Franco is the only one in the book who is, so to speak, forcibly strapped down on the psycho-biographer's couch and beaten with a one-volume edition of the collected works of Sigmund Freud. Are we to believe that Franco's leftist and communist enemies, who committed atrocities as bad as, or often worse than, those of the Nationalists, were all models of mental health, with happy childhoods spent singing Woody Guthrie songs in socialist summer camps? The author writes well, she has done her homework, and her old-lefty ferocity gives the book a kind of wacky integrity, but "Franco: A Concise Biography" has all of the subtlety of a blow torch and much of the informative content of a primal scream.
Note: On page 198, the author refers to Franco's "Jewish heritage." Another biographer of Franco, Paul Preston, in his massive, detailed study of the Spanish dictator, refers to the rumors of a Franco Jewish connection as "idle speculation."Mr. Preston is Gabrielle Ashford Hodges' husband. Can we talk, dear?

My copy of "The New York Public Library Science Desk Reference" (1995) does not mention Philo T. Farnsworth (1906-1971) in the paragraph on television in the "Highlights of Technology" section. In fact, he is mentioned only once in this standard reference book, and even then his name is erroneously spelled"Pharnsworth."How is it possible that a man whose precocious inventive genius was once universally recognized is now forgotten?
Daniel Stashower answers that question in his thoroughly entertaining and informative The Boy Genius and the Mogul (Broadway Books, $24.95, 277 pages, illus.). Farnsworth is forgotten today primarily because he lost the public relations battle to establish himself in the public mind as the man who invented television. While undoubtedly brilliant and creative in the laboratory, Farnsworth wasn't equipped, by temperament or education, to fight against the financial resources of corporate giants, especially when his adversaries included David Sarnoff (1891-1971), head of the Radio Corporation of America (RCA).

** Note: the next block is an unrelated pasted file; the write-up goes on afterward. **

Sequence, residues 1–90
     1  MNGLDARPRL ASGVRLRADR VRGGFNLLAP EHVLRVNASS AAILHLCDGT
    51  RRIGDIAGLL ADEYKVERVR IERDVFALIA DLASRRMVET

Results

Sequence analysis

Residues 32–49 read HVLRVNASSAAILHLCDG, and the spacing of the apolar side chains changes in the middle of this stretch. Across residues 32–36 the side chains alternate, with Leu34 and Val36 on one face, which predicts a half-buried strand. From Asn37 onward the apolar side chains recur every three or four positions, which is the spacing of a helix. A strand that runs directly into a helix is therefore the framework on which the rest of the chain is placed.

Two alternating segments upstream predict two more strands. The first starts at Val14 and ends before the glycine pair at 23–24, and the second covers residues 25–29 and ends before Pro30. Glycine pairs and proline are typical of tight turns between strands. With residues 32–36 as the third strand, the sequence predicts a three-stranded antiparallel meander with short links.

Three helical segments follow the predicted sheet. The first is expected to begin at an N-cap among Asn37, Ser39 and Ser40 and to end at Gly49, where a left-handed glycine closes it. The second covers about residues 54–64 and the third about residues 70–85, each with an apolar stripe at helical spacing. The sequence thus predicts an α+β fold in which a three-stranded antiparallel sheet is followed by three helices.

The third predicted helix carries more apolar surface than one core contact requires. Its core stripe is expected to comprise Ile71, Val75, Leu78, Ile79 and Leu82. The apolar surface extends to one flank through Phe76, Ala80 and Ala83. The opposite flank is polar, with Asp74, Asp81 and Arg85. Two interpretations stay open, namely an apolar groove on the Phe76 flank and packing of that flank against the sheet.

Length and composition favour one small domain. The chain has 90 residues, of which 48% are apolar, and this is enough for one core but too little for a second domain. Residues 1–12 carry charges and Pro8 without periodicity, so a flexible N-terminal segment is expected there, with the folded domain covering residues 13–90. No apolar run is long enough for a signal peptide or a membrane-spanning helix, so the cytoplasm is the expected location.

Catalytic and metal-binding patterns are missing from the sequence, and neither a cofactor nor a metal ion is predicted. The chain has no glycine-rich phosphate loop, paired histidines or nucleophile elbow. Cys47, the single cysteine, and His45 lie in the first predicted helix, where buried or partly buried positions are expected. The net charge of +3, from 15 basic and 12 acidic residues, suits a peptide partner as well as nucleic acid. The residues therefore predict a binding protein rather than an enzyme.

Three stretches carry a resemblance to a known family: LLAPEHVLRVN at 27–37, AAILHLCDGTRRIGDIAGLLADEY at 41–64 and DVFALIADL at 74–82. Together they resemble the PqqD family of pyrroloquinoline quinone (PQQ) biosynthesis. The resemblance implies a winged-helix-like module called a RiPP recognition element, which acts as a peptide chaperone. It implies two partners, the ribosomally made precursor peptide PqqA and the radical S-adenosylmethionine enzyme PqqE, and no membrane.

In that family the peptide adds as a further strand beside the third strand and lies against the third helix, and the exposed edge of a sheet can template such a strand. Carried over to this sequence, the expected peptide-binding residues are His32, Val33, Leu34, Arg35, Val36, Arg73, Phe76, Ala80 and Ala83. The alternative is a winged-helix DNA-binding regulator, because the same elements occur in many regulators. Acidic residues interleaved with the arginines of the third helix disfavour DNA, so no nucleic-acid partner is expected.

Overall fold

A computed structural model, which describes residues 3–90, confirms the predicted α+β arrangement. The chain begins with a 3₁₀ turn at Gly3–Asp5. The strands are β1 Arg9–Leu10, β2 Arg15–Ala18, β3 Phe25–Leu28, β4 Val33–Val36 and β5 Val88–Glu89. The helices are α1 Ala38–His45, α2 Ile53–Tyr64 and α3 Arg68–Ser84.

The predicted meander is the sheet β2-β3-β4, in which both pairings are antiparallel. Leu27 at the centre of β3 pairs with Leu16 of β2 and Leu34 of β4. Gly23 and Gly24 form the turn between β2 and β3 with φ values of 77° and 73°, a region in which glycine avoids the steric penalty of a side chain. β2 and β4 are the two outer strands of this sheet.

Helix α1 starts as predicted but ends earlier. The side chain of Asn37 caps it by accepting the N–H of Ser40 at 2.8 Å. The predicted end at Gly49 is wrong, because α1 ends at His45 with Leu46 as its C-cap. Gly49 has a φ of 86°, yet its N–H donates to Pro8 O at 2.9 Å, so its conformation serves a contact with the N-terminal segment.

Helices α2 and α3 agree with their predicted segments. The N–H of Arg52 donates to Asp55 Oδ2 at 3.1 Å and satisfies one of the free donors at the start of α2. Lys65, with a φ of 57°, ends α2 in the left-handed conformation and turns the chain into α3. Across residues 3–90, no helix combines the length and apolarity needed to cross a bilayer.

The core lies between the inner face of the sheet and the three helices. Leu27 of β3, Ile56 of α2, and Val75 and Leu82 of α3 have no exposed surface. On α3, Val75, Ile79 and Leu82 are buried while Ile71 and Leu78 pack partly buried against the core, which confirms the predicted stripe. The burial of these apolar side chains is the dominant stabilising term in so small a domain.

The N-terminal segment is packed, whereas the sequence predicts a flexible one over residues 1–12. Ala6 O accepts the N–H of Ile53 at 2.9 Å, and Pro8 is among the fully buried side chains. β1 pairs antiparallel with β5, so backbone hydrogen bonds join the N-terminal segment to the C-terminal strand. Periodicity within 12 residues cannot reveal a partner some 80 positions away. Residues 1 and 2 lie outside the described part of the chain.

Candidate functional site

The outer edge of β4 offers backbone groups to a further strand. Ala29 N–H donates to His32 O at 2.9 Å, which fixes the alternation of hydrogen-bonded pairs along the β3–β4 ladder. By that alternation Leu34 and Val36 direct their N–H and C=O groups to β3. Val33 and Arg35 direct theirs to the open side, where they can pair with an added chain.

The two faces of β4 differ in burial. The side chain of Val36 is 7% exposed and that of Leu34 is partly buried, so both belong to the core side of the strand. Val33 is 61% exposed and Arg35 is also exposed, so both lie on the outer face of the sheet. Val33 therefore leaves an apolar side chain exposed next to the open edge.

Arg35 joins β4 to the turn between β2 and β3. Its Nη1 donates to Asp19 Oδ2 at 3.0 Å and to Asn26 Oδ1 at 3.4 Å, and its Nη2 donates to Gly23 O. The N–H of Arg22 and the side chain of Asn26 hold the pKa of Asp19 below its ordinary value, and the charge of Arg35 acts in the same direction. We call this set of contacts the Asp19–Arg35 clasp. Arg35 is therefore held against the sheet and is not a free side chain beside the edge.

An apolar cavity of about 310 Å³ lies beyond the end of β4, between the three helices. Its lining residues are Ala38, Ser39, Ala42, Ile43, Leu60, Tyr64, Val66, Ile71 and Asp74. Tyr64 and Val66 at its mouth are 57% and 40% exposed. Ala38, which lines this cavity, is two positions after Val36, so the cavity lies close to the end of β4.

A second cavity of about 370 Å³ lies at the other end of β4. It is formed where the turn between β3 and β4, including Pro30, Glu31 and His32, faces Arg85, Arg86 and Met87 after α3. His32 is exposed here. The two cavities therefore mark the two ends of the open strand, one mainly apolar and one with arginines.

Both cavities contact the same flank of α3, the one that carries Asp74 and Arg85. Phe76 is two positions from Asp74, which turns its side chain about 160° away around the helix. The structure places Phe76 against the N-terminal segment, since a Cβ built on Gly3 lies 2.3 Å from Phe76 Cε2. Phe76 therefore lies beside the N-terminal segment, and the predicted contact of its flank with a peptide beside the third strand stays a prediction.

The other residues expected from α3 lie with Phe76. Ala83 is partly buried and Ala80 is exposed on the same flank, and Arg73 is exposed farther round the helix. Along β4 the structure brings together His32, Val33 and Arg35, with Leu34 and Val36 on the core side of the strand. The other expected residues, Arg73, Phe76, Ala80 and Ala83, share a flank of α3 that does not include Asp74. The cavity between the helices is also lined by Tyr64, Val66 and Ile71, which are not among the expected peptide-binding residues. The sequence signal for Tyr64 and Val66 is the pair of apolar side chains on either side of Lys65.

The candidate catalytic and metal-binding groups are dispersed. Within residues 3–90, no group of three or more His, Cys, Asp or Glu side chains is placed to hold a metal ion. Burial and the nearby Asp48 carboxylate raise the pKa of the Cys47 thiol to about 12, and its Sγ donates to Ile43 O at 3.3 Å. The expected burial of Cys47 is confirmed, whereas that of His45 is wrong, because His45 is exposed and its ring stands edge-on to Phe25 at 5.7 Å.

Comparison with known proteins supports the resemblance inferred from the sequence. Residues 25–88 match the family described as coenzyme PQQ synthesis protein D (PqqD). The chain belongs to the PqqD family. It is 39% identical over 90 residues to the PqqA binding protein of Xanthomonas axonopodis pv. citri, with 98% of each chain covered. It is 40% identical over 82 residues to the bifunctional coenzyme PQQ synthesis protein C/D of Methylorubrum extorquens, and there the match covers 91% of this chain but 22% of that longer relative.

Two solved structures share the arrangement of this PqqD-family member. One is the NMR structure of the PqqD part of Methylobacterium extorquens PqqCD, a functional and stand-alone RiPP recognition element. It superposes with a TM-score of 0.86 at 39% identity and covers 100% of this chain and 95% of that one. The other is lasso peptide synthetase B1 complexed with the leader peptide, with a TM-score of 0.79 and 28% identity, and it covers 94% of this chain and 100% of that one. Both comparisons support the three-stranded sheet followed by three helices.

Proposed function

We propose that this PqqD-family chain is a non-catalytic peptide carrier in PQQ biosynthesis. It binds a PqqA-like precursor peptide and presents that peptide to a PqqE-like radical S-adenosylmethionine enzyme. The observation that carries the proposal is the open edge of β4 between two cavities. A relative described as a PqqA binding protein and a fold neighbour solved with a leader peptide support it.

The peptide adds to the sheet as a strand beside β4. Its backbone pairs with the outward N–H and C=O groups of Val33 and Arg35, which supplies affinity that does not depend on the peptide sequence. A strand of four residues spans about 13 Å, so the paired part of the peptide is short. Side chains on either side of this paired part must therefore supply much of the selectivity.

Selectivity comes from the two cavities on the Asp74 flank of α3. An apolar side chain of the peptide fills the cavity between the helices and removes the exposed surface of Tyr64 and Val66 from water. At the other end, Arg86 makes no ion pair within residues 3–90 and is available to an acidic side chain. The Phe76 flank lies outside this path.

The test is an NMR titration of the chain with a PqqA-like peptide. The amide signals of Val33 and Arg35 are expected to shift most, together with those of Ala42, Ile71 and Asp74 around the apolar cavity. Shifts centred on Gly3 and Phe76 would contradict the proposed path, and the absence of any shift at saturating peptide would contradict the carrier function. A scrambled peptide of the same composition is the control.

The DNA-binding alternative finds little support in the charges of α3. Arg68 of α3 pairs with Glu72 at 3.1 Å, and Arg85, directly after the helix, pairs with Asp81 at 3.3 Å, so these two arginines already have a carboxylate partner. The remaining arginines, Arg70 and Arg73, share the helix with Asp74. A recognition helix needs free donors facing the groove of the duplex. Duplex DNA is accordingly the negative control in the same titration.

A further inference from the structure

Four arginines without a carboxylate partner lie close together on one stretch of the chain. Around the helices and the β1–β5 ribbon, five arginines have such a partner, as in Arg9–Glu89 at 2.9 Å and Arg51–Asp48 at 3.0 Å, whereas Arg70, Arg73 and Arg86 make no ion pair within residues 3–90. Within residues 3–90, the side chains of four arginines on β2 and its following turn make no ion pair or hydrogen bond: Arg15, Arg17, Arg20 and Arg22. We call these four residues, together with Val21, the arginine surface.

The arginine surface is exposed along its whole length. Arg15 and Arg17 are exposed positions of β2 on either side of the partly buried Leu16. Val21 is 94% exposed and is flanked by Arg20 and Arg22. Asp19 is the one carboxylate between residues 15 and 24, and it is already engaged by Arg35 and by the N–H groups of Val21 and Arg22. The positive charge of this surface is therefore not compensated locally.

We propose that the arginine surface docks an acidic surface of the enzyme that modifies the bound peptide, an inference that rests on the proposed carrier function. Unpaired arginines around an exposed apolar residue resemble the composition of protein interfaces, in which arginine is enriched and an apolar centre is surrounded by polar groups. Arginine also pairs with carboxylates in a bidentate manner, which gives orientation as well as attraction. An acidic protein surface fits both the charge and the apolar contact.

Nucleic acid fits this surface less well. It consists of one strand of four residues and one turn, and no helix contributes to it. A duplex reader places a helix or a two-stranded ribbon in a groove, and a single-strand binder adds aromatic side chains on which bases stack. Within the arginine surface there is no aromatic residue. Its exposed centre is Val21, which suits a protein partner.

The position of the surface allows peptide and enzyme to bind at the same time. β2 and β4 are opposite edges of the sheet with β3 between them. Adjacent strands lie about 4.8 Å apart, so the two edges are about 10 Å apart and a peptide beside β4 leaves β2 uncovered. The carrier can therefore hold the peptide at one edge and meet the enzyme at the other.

There were many other fascinating characters involved in the decades-long struggle to see who would be the first to make the invention commercially available, e.g., John Logie Baird, C. Francis Jenkins, Vladimir Kosma Zworykin almost all of whom have been forgotten by history. But the battle finally came down to the likable boy genius and the utterly ruthless communications mogul.
Mr. Stashower tells the complicated story of television's origins clearly and concisely, and although I can't say I understood all the details of the physics involved, I was able to grasp the essence of the problem with which the book deals: Is it possible to invent an apparatus, with no moving parts, capable of transmitting pictures electronically over long distances?
Philo Farnsworth, when still in high school in Utah, said yes while almost every other scientist and inventor was saying no. He spent the rest of his life in laboratories and in the offices of patent lawyers trying to make his idea become reality. Although he was able to convince a banking syndicate to support his efforts and at one time worked with the Philco radio corporation, he was essentially a lone wolf, never happier than when he was working with his small band of loyal assistants.
David Sarnoff, a Russian Jewish immigrant of ferocious ambition (the word "abrasive" was applied to him more than once), swiftly rose through the ranks of the American Marconi company and became chairman of RCA. Prescient, patient, and indomitable, he wanted RCA not only to lead the way but totally dominate the television industry, decades before anyone else thought there ever would be such an industry. Mr. Stashower does a fine job in showinghow big money, organizational efficiency and strong corporate leadership tracked down and ultimately destroyed the lone wolf.

William F. Gavin is a writer in McLean, Va.